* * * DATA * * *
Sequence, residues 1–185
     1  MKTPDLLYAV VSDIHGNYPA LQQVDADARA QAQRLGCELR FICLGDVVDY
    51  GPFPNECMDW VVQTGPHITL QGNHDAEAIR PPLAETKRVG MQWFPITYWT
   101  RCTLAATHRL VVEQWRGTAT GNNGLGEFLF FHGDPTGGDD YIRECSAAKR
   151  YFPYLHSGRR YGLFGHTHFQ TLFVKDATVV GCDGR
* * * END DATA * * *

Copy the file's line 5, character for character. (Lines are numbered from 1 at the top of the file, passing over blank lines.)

   151  YFPYLHSGRR YGLFGHTHFQ TLFVKDATVV GCDGR